(WASHINGTON) -- The Pentagon on Thursday released its first-ever report on incidents of sexual harassment in the military, detailing more than 1,300 cases filed in 2013.
Half of the 1,366 complaints involved senior, non-commissioned officers committing sexual harassment, the same leaders responsible for stopping such acts. One in three women and one in five men reported that their attackers sexually harassed them before and after the initial incident, according to the data from the Department of Defense.
As a result, officials suggest the military needs to improve punishment and enforcement.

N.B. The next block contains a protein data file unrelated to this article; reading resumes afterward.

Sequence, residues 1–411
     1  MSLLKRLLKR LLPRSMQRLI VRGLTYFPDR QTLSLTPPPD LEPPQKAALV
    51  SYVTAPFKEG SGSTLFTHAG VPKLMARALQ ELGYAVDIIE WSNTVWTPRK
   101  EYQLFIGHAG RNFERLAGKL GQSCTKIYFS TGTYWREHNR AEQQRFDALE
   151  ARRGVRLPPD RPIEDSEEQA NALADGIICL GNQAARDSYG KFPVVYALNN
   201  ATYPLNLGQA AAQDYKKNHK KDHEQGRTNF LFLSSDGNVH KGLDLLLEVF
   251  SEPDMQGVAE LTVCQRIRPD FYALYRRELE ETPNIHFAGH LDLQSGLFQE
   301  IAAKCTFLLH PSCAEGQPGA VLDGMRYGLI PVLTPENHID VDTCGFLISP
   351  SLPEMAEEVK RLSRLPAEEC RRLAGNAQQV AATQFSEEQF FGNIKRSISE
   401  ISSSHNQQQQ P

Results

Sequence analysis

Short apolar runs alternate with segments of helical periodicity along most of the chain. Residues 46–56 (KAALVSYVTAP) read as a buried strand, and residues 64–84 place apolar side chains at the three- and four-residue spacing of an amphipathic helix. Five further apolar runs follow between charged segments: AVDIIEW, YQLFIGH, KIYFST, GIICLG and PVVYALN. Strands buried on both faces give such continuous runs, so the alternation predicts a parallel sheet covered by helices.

Thursday's report differs from the recent Pentagon account on military sexual assault. In early May, the department reported 5,061 cases of sexual assault for the fiscal year ending Sept. 30, 2013, marking a 50-percent increase over the previous year.
This time around, the DoD gives a specific definition on sexual harassment: an unwelcome sexual advance, request for sexual favors or other verbal or physical conduct of a sexual nature that can affect a career or job performance or create an abusive workplace.
Similar to sexual assault, harassment often goes underreported.
“We want a climate where everybody reports whenever they’re offended,” one official said in a statement.
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